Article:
Winchester's 452AA ( or its replacement). These might alleviate part of the problem. By nature, lead and its lubricants are dirty. Try changinbg your lubricant to one that has a higher temp than the conventional. Good Luck.

Paul B.
May 29, 1999, 12:12 PM
Sounds to me like you are getting the greasy soot from the bullet lubricant. I cast my own, and regardless of the type of lube I use, I get the mess. It's just part of the game. After 40 years of it, well I've learned to live with it. I just don't like jacketed bullets.
If you're using lead in your 45's too, they'll get just as dirty. It'll just be inside.
Paul B.

May 29, 1999, 05:02 PM
Well, I'm back from the range. Confused but happy.

I "think" I was using SWC lead bullets when I got the huge mess. Today I shot 100 rounds of semi jacketed hollow point (still reloads). In both I used Winchester 231 powder. But today - no mess.

Either the smith adjusted something when he was "cleaning" the gun and didn't want to admit it, or the bullets make all the difference. I'm leaning towards the bullets. My smith has a large enough ego to just say "oh, looky here, I can fix this" rather than hide it.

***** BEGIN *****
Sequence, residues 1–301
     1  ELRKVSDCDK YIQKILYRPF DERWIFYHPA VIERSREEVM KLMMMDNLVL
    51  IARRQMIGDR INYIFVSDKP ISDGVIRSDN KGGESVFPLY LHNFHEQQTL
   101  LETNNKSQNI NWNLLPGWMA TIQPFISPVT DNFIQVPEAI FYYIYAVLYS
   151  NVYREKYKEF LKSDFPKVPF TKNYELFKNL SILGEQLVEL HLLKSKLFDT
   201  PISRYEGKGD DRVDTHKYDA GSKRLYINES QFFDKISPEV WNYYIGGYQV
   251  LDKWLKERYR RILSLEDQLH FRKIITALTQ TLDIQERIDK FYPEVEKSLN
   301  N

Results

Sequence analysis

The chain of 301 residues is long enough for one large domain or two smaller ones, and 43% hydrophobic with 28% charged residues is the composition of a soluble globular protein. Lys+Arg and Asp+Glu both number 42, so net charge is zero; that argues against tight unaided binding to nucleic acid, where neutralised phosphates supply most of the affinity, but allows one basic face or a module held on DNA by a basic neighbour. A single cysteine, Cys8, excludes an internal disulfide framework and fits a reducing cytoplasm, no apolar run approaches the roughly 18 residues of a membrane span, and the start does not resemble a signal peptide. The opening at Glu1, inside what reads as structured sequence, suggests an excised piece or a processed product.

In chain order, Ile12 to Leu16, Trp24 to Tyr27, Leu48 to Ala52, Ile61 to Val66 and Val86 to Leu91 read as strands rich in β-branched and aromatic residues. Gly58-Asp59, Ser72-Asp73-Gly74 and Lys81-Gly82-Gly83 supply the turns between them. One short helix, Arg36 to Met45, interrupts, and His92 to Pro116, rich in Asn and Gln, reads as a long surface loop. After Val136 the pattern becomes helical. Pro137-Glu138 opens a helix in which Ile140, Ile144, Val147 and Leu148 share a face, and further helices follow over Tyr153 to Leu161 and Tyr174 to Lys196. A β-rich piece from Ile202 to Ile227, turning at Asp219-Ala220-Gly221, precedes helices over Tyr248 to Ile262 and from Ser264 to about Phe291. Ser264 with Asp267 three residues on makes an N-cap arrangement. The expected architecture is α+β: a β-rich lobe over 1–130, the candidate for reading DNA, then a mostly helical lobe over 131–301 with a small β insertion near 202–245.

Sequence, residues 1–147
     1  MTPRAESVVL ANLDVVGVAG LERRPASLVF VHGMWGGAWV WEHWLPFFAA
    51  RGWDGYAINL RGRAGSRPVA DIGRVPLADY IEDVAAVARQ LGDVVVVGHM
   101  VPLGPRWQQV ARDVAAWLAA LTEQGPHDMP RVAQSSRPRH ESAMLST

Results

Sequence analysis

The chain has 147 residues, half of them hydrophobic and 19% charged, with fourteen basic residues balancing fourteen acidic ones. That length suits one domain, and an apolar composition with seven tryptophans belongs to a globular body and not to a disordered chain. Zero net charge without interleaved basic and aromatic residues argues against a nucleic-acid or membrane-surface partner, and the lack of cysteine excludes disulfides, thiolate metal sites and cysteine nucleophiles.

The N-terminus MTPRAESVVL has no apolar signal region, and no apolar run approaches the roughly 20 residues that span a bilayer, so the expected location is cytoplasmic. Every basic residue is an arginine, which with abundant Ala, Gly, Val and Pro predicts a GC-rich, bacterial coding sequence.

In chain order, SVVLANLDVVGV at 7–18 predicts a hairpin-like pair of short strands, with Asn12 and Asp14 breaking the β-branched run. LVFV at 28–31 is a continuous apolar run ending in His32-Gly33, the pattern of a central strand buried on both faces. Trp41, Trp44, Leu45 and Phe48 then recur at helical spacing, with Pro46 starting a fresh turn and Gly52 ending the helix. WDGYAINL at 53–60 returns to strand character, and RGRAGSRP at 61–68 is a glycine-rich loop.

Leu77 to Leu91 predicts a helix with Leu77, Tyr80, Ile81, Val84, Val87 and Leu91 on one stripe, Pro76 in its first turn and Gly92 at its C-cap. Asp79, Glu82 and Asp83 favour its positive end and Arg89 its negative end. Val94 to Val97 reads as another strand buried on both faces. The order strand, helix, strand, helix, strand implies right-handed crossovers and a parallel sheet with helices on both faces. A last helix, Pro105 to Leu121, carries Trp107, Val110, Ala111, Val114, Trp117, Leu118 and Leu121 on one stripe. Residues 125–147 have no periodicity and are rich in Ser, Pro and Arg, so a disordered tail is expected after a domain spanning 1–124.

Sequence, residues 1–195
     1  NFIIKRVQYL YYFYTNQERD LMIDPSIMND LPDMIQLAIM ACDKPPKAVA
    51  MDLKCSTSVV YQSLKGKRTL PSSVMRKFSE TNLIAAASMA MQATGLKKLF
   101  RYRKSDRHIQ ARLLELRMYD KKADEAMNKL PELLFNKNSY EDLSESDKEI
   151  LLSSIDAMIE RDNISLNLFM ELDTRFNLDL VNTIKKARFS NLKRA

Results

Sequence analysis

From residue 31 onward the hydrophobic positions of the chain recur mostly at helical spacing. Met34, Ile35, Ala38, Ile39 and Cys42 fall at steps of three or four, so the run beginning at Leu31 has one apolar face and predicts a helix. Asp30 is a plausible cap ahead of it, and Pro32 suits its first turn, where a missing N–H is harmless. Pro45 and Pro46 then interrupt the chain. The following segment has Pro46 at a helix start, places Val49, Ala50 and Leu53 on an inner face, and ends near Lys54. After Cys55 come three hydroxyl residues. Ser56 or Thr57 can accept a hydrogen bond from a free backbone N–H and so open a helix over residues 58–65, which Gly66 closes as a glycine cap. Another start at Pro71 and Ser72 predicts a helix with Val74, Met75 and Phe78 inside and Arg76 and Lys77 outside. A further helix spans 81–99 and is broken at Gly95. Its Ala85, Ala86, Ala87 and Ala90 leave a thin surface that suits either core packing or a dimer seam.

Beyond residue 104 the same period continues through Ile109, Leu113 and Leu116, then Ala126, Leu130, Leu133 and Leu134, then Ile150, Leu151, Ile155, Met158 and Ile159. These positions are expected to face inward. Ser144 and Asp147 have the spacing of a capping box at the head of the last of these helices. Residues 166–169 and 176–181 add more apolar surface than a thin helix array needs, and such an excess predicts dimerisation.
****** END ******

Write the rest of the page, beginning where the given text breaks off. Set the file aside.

It must be the lube on the lead bullets that was creating the mess. While I like the nice clean holes a lead SWC makes, for the revolver I'm going to stick with the semi jacketed bullets.

I also just started loading lead SWC for the 45 autos. I don't see any difference in mess versus the jacketed bullets I was shooting before, but I haven't opened up the autos to clean yet. Still, if the mess stays inside until I'm ready to clean I don't mind. And I really loved the difference in the holes the SWC makes. Very clear when two holes overlap.

Reloader, thanks for the tips. I think it is the lube and not the powder. But I'll file away the suggestions for future alternatives.

Paul, also thanks for tips. I'm still a newby, especially to reloading. I'm curious why you don't like jacketed bullets. If I could find some that cut the nice clean holes the lead SWCs make, I'd be in hog heaven. I don't mind the small difference in price.

Thanks again.


Mal H
May 29, 1999, 06:57 PM